British national injured in Brussels terror attack

In this image provided by Daniela Schwarzer, smoke is seen at Brussels airport, after explosions wer

In this image provided by Daniela Schwarzer, smoke is seen at Brussels airport, after explosions were heard. (Daniela Schwarzer via AP) - Credit: AP

One British national is known to have been injured in the terror attack on Brussels Airport this morning, Downing Street has said.

Handout photo taken with permission from the Facebook page of Bart van Meele of the scene at Brussel

Handout photo taken with permission from the Facebook page of Bart van Meele of the scene at Brussels Airport after two explosions were heard. - Credit: PA

At least 28 people have died in the bomb blasts, at Brussels Airport and the city’s main airport and at Maelbeek Metro station, which is near to the European Parliament building.

Speaking to reporters in Whitehall, Mayor of London Boris Johnson said earlier today: “It looks as though there may be one UK casualty, as I’m sure you are aware, though the details of that are very sketchy.

“The most important thing to get across is we know of no reason to think that there is any read across from what’s happened in Brussels to events here in this city.

“We have no intelligence to suggest there is any immediate threat, but as a precaution and for the purposes of reassurance, there has been a stepping up of the presence of police at major airports.”


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The attacks, condemned as “blind, violent and cowardly” by Belgian Prime Minister Charles Michel, came after the arrest in the city last week of terror mastermind Salah Abdeslam, who plotted November’s Paris atrocity from the notorious Molenbeek suburb of Brussels.

The airport was targeted at around 8am local time, with the explosion at the metro station about an hour later.

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Video footage shot from an airport car park showed people fleeing in terror, and footage from inside the building showed a scene of devastation with ceiling tiles strewn across the floor and suitcases abandoned.

All flights today have been cancelled. Arriving planes were diverted and Belgium’s terror alert level was raised to maximum, officials said.

Both the airport and Metro system have been closed, along with other public transport, following the attacks.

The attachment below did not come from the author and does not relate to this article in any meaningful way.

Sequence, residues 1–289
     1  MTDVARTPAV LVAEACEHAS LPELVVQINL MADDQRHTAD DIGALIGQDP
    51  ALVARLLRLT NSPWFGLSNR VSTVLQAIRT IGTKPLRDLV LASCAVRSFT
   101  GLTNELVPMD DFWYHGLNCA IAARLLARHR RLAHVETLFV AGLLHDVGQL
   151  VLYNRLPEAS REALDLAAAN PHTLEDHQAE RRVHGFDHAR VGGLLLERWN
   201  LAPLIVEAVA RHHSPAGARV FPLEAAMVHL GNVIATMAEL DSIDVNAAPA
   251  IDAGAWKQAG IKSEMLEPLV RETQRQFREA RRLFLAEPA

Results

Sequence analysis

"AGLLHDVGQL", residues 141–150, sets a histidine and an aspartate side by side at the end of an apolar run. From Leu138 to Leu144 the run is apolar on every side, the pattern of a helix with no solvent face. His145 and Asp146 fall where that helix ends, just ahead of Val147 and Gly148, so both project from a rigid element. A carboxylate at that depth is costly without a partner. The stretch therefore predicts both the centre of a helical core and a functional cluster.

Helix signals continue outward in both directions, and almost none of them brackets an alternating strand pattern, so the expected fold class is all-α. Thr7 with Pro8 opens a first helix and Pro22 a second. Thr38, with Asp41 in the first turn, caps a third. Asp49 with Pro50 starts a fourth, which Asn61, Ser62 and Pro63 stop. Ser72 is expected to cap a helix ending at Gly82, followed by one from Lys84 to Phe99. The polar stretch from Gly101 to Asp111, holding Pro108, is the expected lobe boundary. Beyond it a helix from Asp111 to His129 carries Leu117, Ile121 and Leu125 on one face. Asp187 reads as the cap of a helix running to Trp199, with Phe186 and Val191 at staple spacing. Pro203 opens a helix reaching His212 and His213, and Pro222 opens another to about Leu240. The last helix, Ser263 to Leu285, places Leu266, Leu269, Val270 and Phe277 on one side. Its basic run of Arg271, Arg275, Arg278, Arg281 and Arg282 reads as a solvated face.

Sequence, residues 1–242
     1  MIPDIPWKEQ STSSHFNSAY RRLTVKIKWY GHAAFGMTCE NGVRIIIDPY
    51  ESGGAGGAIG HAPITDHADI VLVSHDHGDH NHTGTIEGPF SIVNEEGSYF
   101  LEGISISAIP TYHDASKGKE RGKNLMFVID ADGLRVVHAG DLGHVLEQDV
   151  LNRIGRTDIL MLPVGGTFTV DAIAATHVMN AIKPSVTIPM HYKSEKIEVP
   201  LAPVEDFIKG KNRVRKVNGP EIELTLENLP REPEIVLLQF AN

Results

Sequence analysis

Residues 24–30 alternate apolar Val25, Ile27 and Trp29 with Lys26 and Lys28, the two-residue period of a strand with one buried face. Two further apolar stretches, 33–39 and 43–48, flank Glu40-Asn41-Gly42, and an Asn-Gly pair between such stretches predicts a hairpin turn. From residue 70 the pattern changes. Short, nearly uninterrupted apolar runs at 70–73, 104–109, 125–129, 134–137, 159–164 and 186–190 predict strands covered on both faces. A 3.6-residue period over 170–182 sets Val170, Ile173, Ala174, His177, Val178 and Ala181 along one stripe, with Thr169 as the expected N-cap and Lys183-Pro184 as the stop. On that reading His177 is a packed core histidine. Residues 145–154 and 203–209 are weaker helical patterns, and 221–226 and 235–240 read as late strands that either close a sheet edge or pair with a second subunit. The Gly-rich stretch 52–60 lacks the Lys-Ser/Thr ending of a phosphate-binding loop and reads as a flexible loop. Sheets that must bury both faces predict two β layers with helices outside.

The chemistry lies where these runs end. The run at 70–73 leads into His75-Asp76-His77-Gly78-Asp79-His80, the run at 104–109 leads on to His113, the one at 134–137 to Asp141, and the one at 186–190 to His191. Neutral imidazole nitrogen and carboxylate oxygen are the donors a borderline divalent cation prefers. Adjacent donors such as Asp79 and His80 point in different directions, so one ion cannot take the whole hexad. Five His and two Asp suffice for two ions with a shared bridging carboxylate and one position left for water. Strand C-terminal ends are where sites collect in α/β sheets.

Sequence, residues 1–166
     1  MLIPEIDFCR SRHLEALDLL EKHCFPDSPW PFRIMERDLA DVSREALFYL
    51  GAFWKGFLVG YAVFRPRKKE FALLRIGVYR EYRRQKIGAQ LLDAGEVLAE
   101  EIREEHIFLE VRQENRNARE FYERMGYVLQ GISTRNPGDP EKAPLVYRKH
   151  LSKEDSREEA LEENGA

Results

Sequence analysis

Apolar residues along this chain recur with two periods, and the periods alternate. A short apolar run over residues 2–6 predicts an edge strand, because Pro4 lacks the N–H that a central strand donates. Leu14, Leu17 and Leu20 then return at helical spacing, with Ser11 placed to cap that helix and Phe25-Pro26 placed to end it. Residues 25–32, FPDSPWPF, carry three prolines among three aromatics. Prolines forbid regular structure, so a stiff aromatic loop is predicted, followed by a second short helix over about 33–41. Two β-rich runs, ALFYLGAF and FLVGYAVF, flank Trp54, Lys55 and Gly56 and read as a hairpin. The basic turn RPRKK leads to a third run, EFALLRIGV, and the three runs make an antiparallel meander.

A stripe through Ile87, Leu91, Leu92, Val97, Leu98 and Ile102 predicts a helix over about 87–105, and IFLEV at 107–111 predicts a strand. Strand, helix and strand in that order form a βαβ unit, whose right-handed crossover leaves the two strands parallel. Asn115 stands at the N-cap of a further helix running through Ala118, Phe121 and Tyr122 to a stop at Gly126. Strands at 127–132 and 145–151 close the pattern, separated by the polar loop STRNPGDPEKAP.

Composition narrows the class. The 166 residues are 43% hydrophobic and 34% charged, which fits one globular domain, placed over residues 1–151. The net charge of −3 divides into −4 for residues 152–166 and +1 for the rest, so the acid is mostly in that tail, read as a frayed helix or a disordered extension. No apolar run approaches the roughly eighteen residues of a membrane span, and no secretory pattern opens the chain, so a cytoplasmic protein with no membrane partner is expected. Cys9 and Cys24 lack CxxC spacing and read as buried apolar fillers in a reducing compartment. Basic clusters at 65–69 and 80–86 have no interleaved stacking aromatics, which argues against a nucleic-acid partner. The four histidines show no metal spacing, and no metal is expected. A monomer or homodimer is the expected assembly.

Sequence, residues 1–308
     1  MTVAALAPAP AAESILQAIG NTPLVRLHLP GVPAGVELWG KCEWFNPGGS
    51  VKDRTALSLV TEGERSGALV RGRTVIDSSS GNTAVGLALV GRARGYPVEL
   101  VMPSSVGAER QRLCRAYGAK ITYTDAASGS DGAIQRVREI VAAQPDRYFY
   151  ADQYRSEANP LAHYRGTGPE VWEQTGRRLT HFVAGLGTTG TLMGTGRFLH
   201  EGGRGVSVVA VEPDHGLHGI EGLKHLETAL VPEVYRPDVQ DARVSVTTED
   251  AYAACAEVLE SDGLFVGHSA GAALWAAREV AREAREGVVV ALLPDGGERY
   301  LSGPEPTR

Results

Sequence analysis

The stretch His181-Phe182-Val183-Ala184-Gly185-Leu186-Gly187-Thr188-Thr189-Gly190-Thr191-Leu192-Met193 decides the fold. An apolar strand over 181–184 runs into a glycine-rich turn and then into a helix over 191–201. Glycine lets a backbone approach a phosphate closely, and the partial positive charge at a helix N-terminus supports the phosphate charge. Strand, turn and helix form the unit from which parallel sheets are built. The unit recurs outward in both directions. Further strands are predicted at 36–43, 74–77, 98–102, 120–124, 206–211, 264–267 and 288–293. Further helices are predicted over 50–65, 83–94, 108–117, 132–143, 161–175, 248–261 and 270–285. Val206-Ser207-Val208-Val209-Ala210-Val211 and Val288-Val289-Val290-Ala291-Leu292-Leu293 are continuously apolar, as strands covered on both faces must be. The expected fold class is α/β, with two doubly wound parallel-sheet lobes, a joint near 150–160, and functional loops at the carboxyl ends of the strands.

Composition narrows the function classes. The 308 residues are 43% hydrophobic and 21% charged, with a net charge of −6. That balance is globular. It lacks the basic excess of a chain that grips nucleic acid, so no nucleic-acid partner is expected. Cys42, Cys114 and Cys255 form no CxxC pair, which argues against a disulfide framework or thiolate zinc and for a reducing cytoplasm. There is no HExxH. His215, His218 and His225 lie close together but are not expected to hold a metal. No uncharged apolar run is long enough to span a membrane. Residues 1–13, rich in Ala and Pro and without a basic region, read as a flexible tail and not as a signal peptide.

A fire service spokesman said there were 11 dead at the airport. The Metro explosion killed 15 and injured 55, 10 critically, transport operator STIB told Belgian broadcaster RTBF.

MEP for the East of England, Richard Howitt, tweeted: “The European Parliament is in lockdown after bombs which are now said to be in 4 Metro Stations. We are inside but SAFE.

He earlier tweeted that he had used the Metro station 30 minutes before the explosion, and also tweeted: “Belgian media say 11 dead in #Brussels Airport bomb. We stand in silence but now proceed with vote in parliament. Democracy must always win.”

MEP Vicky Ford tweeted: “Thank you for all messages – I’m ok but thinking of those who are not. Staying inside with team, extra security.”

Norwich City Football Club confirmed Dieumerci Mbokani was at the airport at the time of the explosion at the time of the explosion.

They said the striker, who is on loan from Dynamo Kiev, was “unharmed but shaken” and that the club was in “constant dialogue” with the striker, who has returned home to his family.

A spokesman at London Stansted Airport confirmed the airport was open and operating as normal, with an armed police presence from Essex Police visibly on site.

He added that the airport was liasing with the force about the situation.

Security at London Gatwick has been increased following the explosions, with a spokesman saying the safety of passengers and staff was the “absolute priority”.

He added: “As a result of the terrible incidents in Brussels we have increased our security presence and patrols around the airport.”

Heathrow issued a statement, which read: “In the light of events in Brussels airport we are working with the police at Heathrow who are providing a high visibility presence.”

All Eurostar trains to and from Brussels have also been suspended, with services from London terminating in the French city of Lille.

Security has also been stepped up at transport hubs in the UK, with police forces across the country increasing their presence at key locations.

The Foreign and Commonwealth Office (FCO) updated its travel advice for Britons in Brussels, urging them to “stay away from crowded places and avoid public transport at this time”.

British officials in the city have been given the same instructions, the FCO said.

A spokesman for travel organisation Abta said British holidaymakers in Brussels should follow the instructions of the Belgian authorities, while those due to travel should contact their transport provider.

European Council president Donald Tusk said the bombings represented “another low” from the terrorists.

He said: “I am appalled by the bombings this morning at Zaventem airport and the European district in Brussels which have cost several innocent lives and injured many others.

“I extend my sincerest sympathies to the relatives and friends of the victims. These attacks mark another low by the terrorists in the service of hatred and violence.

“The European institutions are hosted in Brussels thanks to the generosity of Belgium’s government and its people. The European Union returns this solidarity now and will fulfil its role to help Brussels, Belgium and Europe as a whole counter the terror threat which we are all facing.”

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